I finally spent some significant time in my sewing room, sorting through containers, documenting projects, getting rid of scraps and leftovers. There is still lots more to do, but I don't feel quite as overwhelmed as I did. It's my overcutting problem that is causing all the trouble; once I'm through with a project I want to move onto the next thing straight away, but there's a mountain of leftovers to deal with. I just shove them in yet another container and start the next quilt, but eventually the dozens of unlabelled boxes containing who-know-what drag me to a halt. I'm not a tidy quilter, but there's a chaos level that even I can't work with. Actually, I think my problem is that I don't take the time to label those containers, and collect all the bits from one project in a single box for sorting out later. I just shove them out of sight. From now on, I need to leave myself a note about what is actually in the box of bits.
There were 4 boxes of Dear Jane bits and pieces, so I decided to get the blocks sewn together this weekend. I'm not excited to be working on it, but it's something that I will be glad about later. I know as soon as it's in one piece I'll start obsessing about the border (I refuse to do those ugly triangles, so I'll have to come up with my own solution), but I'll deal with that later.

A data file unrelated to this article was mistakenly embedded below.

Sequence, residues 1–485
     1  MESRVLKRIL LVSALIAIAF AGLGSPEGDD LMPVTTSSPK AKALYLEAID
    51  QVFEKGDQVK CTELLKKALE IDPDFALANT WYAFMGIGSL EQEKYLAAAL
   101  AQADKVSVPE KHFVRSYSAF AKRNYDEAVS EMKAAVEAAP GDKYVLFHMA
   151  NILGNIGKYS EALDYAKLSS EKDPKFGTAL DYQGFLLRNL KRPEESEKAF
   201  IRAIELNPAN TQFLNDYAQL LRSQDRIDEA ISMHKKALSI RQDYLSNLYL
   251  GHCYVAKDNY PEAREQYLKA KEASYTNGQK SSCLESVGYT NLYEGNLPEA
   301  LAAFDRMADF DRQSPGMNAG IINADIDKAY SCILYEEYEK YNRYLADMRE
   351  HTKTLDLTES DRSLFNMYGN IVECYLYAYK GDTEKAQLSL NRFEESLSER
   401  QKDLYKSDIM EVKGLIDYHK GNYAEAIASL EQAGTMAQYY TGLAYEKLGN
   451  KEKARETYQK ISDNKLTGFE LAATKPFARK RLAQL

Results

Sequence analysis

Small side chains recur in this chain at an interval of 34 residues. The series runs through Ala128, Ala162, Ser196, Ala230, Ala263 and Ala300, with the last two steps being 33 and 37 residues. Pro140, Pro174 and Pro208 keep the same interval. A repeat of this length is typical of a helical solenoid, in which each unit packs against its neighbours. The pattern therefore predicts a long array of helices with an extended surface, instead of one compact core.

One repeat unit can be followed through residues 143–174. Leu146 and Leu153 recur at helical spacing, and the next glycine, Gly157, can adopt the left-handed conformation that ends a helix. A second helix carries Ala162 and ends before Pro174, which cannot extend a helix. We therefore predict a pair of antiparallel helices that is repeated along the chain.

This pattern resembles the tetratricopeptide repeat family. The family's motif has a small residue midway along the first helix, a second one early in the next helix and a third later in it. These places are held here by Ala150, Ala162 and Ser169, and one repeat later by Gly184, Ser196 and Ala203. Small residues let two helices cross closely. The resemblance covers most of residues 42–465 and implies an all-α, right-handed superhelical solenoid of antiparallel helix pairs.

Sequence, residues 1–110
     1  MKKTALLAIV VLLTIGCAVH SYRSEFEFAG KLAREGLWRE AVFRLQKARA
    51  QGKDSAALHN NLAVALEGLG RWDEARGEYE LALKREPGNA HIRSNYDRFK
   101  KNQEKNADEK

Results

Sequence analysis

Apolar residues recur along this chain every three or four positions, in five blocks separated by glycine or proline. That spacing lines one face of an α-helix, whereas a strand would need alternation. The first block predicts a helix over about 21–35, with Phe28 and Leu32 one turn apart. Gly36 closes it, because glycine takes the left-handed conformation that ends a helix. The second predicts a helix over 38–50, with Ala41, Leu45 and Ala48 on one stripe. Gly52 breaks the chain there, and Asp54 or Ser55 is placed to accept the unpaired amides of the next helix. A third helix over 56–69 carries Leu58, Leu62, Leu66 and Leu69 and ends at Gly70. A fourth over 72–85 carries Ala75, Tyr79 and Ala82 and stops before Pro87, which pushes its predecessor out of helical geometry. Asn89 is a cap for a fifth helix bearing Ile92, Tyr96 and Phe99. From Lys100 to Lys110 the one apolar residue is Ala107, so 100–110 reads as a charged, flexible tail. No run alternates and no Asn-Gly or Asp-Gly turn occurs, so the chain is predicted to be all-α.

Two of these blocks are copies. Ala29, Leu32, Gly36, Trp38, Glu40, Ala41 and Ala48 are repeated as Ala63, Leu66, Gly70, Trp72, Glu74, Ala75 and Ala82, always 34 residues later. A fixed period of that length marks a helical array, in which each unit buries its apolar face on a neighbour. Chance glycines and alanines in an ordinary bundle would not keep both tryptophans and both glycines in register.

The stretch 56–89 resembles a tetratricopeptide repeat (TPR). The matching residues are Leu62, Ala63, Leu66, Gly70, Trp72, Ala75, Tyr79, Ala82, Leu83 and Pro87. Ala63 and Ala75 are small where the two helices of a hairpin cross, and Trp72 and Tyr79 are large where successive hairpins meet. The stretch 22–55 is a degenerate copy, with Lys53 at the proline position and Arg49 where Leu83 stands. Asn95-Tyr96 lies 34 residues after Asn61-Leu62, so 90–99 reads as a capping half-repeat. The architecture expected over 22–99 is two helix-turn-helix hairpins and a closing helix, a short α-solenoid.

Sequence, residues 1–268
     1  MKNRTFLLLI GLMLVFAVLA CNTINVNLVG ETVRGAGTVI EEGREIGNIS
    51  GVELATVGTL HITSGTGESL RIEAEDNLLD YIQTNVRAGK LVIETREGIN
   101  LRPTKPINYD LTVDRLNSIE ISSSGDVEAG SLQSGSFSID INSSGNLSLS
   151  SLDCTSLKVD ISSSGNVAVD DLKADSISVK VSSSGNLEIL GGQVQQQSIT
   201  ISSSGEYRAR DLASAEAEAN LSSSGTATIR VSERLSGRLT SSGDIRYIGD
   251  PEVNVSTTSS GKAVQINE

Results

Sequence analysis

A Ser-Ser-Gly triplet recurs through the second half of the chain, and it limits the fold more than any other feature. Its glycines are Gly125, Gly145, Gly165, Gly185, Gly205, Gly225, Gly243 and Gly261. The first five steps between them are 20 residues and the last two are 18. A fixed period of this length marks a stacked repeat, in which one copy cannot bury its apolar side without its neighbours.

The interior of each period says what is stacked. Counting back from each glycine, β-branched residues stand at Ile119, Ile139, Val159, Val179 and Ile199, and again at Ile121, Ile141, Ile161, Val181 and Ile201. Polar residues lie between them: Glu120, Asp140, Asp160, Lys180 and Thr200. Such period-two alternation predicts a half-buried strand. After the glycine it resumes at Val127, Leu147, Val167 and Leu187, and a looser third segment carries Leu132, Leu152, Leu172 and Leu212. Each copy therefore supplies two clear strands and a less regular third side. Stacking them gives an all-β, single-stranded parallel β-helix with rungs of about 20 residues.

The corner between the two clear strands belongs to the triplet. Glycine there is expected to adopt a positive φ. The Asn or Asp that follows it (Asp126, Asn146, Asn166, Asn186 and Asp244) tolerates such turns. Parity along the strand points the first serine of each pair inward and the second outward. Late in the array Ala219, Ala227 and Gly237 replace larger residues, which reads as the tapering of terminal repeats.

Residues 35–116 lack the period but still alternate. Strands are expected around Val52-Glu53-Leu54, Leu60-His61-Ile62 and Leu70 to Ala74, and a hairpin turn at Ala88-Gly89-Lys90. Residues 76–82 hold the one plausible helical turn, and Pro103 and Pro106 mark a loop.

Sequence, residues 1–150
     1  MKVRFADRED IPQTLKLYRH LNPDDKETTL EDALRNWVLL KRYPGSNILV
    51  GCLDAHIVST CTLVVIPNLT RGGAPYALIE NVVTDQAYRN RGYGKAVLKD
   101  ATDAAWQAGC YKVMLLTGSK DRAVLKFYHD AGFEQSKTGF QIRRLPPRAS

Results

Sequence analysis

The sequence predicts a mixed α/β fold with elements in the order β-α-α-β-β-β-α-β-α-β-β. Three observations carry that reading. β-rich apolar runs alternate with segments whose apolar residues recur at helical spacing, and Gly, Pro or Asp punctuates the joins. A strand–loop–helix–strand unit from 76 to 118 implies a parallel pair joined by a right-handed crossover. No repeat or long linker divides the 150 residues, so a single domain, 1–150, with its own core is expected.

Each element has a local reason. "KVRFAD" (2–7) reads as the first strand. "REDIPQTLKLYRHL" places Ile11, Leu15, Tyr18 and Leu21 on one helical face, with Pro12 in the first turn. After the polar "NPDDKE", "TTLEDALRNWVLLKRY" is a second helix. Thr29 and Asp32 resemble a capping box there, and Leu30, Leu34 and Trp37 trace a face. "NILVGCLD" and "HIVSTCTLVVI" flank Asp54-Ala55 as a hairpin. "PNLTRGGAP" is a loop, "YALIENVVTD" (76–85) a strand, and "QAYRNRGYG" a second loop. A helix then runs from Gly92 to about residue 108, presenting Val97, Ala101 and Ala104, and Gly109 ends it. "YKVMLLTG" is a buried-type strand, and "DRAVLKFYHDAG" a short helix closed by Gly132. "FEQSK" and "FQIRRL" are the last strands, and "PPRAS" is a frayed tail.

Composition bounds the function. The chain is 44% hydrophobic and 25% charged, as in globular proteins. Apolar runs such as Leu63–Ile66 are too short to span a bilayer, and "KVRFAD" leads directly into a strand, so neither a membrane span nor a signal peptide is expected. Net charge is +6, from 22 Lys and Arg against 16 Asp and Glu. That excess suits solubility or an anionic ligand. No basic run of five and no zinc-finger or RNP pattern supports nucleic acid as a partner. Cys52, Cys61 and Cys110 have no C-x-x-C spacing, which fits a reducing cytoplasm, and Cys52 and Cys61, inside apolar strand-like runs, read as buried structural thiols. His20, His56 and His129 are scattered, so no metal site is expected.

I spent HOURS last night adding another 5 strips to the four that were already joined. 9 rows all in one piece!
I'm not using cornerstones in the sashing, and to keep the blocks aligned properly I mark the long lengths of sashing, using my acrylic ruler. The blocks are 4.5" and the sashes are .5", so I work my way along the sash drawing those marks in.
So, if it took a marathon effort last night to sew 5 strips of blocks to each other, how long will it take today to construct 4 rows of blocks, and then sew them into one piece?
these blocks, from many moons ago. Tutorial here. I have scraps to use up, and I need an ongoing project for that.
It's supposed to reach 36° here today, so I have to run out and water everything before I tackle the sewing chores. When it's hot and nasty outside, I'll be inside at the machine, sewing my way closer to a finished Dear Jane.